Krajcik’s co-investigator, Barbara Schneider, John A. Hannah University Distinguished Professor in the MSU’s College of Education and the Department of Sociology, said the results will turn science education on its head.
“Technology and science have made a huge difference in our lives, especially in the types of jobs created now,” Schneider said. “We’re in a time where we need to concentrate on what we should be teaching young people today in schools. For decades we’ve seen students interested in STEM but get turned off about it in the classroom. PBL changes that.”
Importantly, the ML-PBL research also found that rigorous project-based learning promotes educational equity because it benefits students regardless of geography, socio-economics, race or ethnicity or special needs.
The research was funded by Lucas Education Research, a division of the George Lucas Educational Foundation, GLEF.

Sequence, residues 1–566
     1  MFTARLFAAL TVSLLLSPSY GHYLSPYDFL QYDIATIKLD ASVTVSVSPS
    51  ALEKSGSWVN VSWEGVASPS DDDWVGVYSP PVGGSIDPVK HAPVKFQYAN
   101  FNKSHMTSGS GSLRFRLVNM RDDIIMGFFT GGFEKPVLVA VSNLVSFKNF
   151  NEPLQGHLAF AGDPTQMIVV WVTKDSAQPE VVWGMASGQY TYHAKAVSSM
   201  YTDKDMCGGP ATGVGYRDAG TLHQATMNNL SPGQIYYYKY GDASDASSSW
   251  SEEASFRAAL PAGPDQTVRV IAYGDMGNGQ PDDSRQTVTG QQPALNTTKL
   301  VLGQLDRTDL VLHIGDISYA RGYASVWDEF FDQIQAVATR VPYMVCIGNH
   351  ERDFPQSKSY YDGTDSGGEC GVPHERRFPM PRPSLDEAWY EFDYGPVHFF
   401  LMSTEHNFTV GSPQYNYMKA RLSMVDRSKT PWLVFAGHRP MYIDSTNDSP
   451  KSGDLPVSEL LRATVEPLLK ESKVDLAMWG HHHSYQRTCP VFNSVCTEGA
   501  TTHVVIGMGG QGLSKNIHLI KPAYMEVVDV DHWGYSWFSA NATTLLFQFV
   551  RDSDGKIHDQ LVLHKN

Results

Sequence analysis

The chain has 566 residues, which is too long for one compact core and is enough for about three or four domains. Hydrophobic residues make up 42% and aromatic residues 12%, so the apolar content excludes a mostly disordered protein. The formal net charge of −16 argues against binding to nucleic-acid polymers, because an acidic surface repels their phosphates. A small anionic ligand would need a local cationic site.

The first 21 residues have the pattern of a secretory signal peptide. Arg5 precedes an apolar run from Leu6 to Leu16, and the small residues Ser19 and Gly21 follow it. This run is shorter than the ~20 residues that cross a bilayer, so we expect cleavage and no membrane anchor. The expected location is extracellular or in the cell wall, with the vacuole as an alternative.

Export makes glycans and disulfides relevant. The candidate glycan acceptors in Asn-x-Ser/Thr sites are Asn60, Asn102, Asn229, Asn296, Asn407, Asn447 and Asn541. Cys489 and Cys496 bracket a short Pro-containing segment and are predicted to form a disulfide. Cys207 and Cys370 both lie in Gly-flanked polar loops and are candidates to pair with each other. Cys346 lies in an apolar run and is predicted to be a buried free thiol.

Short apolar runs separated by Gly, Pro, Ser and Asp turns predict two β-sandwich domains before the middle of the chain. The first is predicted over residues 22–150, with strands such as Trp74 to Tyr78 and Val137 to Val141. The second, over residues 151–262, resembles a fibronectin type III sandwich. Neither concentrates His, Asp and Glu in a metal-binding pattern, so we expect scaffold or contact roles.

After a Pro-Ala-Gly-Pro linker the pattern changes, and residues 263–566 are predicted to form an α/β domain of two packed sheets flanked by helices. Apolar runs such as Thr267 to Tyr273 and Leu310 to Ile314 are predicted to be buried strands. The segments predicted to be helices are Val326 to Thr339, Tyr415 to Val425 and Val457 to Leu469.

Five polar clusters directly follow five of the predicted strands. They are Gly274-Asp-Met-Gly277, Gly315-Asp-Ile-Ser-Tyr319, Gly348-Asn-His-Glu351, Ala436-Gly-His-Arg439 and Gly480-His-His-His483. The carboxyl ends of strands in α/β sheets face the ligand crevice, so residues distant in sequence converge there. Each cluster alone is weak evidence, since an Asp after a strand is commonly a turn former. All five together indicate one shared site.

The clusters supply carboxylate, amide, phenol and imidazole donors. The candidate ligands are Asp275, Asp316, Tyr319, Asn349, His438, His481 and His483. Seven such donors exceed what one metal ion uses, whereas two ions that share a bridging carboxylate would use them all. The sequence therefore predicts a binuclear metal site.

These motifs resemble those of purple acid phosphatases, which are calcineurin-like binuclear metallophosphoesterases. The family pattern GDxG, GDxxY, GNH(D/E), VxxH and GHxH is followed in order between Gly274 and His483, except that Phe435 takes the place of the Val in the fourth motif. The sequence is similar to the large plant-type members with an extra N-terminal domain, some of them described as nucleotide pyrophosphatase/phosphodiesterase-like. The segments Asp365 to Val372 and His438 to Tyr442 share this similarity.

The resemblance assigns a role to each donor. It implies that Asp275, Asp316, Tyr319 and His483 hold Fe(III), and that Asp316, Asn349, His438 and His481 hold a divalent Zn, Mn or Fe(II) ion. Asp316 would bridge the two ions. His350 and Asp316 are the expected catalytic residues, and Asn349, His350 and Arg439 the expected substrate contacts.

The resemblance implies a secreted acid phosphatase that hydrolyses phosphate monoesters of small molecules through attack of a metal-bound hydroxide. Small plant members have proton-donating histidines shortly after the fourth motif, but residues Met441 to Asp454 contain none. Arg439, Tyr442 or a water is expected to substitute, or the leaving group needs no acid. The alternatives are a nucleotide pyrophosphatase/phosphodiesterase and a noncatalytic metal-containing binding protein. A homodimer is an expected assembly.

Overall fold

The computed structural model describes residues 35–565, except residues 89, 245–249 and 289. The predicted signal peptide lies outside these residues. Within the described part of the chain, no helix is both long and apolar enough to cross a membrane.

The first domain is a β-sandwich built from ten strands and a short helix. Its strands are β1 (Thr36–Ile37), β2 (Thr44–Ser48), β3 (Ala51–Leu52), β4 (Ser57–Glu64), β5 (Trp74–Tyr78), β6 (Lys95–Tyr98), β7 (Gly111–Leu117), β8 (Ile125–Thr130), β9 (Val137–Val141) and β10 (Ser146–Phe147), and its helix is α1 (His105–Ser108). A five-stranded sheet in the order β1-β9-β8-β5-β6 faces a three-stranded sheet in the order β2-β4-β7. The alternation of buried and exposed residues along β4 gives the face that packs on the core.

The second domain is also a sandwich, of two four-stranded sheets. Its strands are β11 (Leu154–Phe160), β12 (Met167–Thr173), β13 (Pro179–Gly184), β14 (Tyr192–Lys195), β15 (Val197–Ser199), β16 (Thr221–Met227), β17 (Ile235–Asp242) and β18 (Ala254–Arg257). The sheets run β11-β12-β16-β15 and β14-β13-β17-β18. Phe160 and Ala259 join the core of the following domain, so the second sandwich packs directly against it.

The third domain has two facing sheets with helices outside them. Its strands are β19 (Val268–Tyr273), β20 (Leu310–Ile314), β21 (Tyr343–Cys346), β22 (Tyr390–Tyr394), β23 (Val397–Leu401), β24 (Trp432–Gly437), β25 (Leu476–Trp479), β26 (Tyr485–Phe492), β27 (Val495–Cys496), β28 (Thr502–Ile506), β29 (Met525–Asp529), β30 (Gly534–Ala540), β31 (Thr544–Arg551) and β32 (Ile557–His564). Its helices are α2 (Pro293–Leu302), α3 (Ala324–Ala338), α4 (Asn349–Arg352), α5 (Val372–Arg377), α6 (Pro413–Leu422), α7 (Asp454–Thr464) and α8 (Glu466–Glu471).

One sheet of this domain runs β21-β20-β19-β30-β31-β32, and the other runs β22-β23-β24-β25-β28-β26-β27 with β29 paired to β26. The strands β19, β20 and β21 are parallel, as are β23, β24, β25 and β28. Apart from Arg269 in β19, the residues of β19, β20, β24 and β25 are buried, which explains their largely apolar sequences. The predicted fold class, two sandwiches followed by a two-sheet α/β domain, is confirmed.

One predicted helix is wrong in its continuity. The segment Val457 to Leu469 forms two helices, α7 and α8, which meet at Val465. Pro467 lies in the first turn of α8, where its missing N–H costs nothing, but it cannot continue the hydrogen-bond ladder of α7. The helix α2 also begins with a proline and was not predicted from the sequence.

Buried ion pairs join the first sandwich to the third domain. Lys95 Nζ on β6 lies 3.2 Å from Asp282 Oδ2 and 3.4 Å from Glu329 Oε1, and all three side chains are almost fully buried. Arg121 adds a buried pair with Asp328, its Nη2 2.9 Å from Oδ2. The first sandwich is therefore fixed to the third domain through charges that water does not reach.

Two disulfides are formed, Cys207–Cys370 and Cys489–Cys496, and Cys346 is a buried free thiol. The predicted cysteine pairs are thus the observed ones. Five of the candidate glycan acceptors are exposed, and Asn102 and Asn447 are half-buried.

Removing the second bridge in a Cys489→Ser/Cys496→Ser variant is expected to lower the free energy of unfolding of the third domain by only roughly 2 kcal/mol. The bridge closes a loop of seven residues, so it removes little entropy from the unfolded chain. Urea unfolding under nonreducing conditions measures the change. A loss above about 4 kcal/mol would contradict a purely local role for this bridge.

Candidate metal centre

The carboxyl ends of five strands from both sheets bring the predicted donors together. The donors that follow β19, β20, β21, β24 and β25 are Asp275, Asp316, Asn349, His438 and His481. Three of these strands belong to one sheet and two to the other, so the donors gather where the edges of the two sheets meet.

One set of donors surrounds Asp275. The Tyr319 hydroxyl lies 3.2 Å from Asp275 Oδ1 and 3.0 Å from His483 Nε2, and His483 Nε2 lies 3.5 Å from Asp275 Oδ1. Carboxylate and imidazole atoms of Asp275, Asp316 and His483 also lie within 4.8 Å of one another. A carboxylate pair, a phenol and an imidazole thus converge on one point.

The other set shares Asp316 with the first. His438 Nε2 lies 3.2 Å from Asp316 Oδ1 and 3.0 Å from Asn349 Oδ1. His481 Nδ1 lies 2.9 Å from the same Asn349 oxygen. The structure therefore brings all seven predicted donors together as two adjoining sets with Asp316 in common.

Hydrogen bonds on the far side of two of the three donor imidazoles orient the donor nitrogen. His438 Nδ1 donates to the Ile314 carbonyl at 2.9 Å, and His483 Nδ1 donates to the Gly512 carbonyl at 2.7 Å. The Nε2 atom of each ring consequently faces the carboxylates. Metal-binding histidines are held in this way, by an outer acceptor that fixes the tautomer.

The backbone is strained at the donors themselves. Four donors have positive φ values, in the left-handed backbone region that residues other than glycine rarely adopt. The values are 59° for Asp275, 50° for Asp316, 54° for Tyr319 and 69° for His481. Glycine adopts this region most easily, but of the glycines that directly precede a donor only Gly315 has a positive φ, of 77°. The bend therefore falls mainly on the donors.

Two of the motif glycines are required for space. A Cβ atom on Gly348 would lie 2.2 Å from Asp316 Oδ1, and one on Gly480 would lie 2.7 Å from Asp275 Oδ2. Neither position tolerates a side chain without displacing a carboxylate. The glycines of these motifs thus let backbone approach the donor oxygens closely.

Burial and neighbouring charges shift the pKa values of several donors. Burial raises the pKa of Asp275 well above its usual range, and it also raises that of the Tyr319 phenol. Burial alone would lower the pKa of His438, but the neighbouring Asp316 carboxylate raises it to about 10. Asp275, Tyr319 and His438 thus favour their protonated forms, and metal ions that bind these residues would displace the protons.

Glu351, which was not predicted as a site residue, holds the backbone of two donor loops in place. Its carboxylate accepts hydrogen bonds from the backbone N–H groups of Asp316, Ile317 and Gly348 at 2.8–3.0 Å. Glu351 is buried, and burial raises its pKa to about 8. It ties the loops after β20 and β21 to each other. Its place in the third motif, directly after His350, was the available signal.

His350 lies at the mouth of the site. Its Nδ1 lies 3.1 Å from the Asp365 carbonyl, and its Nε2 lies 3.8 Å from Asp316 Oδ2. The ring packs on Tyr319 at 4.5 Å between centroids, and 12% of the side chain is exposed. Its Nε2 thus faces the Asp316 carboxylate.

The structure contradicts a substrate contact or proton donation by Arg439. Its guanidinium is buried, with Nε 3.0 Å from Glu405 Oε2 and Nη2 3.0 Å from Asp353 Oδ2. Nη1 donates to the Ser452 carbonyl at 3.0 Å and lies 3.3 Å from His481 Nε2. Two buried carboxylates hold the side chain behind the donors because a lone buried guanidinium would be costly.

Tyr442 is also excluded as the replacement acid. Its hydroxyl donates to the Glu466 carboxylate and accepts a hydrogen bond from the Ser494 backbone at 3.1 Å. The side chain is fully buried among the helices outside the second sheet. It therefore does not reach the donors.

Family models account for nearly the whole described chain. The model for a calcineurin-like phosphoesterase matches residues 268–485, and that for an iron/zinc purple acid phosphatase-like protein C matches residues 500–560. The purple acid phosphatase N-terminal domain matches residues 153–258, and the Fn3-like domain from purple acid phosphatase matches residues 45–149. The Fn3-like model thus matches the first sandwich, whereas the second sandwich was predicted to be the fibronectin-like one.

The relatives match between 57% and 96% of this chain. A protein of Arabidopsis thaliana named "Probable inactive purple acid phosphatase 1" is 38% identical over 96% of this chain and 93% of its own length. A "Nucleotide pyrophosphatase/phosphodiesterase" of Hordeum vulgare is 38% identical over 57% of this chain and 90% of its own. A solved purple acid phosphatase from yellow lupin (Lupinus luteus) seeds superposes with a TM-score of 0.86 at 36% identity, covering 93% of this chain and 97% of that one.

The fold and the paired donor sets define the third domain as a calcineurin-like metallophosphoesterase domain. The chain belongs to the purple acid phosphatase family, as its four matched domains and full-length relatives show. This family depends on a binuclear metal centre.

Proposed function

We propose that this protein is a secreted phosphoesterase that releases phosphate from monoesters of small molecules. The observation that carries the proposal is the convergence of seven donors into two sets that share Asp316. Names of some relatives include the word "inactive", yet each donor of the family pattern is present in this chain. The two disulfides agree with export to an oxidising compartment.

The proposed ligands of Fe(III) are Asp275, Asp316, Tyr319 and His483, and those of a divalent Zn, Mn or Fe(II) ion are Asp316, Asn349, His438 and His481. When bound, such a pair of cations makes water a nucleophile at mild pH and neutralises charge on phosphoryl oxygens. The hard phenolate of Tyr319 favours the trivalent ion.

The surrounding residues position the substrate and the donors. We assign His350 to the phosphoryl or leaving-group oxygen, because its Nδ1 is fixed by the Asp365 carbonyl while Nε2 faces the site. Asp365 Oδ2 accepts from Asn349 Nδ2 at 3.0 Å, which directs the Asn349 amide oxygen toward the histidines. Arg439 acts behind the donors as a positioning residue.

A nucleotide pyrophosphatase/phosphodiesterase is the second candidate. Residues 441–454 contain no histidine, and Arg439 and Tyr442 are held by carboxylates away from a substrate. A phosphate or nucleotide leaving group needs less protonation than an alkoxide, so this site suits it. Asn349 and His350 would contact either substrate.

“Knowing what works in education is key to improving our nation’s schools,” said George Lucas, chairman of GLEF. “What we see with project-based learning is students tackling real-life problems together fueled by curiosity about the world and their desire to contribute to it in meaningful ways.”
In another joint study, the Project-approach to Literacy and Civic Engagement, U of M and MSU researchers found that second grade students gained five to six months more learning in social studies and two months more in informational reading after receiving project-based instruction, including students from low-income backgrounds from underrepresented racial and ethnic groups.
The Project PLACE curriculum includes four projects covering economics, geography, history and civics. In civics, for example, students craft a proposal—conveyed through letters and a group presentation—asking government officials to make improvements to a public space, such as a local playground.